Make your own camera gear backpack
I do alot of hiking daytrips with my camera gear, so I was in the market for one of those camera packs that has a compartment for camera gear plus a compartment for hiking gear. Well after looking for awhile I never found anything that quite met my needs as the hiking gear compartments were too small, the pack was expensive, and the shoulder and waist straps were too minimal for proper comfort.
So my solution was to modify an regular hiking daypack to suit my needs.
First, I bought a 55litre small overnight backpack, which in my case was this Outbound Canyon 55 litre pack. I got this one on sale for $55.00. This one works well as it has a bottom sleeping bag compartment with an outside access zipper (where the camera gear compartment will be). It also has 3 side straps for secure tripod placement plus other straps on the back should I want to lash snowshoes to my pack.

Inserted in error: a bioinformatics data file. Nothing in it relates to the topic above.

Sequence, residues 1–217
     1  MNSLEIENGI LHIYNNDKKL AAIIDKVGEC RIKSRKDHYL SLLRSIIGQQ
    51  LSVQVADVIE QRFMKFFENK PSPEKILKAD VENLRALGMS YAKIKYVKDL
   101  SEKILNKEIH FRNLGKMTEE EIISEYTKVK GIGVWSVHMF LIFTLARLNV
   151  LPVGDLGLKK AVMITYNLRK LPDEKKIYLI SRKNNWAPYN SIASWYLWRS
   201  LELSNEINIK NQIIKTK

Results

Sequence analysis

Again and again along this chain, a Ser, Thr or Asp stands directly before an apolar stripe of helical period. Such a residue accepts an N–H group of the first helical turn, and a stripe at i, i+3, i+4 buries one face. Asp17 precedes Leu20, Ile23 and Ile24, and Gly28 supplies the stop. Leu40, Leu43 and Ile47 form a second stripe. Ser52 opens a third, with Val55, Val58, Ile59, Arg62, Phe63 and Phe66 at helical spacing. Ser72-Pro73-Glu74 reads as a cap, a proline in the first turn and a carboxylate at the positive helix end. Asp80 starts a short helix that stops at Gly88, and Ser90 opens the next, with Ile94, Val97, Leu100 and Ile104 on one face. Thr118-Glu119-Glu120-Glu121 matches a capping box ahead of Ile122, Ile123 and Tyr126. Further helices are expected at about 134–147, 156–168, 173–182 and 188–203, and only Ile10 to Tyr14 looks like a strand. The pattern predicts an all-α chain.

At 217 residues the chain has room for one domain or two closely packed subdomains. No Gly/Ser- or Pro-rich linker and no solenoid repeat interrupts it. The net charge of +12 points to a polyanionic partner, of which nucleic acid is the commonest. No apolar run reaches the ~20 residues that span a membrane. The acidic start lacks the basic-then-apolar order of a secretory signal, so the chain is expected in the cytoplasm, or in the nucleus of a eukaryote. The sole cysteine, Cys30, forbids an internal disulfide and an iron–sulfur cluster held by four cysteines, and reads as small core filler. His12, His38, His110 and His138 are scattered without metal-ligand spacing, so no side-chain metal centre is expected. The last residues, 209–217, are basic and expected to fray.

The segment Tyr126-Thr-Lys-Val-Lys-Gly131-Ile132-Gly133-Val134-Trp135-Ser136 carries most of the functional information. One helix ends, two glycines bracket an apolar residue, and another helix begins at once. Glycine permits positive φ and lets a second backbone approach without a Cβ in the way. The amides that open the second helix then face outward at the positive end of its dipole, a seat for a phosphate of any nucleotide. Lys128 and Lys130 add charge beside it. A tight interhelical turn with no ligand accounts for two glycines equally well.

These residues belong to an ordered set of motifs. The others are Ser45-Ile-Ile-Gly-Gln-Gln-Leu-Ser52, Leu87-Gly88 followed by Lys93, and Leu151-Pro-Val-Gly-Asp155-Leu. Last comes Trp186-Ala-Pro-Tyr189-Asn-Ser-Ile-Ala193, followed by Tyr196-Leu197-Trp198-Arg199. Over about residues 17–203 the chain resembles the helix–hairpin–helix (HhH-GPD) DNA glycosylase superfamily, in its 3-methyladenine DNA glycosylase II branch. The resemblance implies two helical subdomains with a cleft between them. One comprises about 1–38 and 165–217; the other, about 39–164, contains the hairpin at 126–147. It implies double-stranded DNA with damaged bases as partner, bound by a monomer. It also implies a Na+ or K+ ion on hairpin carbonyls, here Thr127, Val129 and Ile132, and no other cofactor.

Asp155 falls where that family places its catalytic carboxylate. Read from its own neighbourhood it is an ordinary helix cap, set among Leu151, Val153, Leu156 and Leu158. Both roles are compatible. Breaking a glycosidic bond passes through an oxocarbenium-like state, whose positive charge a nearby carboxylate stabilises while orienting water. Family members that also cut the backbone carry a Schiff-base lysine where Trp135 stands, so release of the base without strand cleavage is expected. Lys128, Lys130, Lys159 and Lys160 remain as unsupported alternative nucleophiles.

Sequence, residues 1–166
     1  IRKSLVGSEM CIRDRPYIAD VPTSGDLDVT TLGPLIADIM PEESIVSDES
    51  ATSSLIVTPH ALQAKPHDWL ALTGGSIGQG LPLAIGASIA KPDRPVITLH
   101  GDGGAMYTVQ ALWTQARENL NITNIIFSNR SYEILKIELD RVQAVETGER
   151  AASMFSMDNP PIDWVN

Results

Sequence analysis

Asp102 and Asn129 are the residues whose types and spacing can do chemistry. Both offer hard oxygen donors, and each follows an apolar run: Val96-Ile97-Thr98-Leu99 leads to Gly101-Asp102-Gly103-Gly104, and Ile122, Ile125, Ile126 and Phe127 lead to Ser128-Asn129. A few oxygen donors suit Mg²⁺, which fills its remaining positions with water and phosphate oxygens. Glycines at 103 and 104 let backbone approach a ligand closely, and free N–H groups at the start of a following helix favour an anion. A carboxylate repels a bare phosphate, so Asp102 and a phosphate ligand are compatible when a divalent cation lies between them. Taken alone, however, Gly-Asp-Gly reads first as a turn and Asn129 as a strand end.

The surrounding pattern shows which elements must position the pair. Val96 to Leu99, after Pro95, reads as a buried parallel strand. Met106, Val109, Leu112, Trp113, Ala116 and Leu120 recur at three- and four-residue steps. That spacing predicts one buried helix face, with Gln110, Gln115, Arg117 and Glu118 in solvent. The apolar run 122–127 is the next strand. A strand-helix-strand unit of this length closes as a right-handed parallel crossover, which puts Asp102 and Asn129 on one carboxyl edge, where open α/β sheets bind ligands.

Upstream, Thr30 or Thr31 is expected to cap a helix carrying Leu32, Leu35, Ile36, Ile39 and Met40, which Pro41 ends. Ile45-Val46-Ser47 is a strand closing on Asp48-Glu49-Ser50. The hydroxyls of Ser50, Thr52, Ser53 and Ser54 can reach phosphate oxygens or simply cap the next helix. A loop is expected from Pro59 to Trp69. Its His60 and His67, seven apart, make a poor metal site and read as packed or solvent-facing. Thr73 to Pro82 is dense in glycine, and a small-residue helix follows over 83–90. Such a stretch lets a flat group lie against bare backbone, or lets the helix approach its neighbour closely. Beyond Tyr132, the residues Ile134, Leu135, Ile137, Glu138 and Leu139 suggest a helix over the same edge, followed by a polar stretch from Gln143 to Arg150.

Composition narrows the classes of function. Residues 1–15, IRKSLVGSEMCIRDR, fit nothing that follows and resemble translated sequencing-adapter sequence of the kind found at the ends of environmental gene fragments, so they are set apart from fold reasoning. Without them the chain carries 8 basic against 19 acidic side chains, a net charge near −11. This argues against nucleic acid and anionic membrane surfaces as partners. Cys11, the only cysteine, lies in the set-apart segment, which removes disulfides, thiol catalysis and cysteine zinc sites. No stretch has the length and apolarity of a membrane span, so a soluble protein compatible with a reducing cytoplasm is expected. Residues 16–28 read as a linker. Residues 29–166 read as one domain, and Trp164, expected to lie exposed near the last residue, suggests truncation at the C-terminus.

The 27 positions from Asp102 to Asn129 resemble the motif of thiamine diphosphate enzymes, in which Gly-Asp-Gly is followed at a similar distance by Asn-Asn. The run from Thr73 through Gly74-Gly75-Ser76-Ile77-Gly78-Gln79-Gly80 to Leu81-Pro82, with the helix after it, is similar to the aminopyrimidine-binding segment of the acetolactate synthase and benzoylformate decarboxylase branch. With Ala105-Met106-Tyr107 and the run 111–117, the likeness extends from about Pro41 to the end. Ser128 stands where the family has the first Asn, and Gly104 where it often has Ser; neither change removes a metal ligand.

Now for the camera gear compartment, I cut 6" wide strips of 1/2" dense closed-cell foam. Thicker ensulite sleeping pads work for this and are quite cheap and widely available at most sporting goods stores.
First I make the outside frame so it looks like an upside-down "U" and ensure that it will fit snugly in the sleeping bag compartment and can still be zippered closed. If you want extra stability, use two layers for the outside part. I used duct tape to put the pieces together as duct tape sticks really well to this stuff. Put lots of duct tape around the outside of your photo gear frame as you wont be seeing this tape anyway.
Next you just cut lengths to tape to the inside; customizing a space for your camera body and whatever lenses you want to include. My gear space holds my Sony A700 with landscape lens attached plus space for 3 other lenses.
My filters and lens brush are attached to my hipbelt for quick and easy access via A lowepro Edit 100 camera bag.
Now I have a very comfortable pack with room for all my camera gear as well as plenty of room for hiking gear and clothing. This particular pack also comes with a rain cover as do many other packs.
Total cost was about 70.00.
Photo credits: Timothy Epp.
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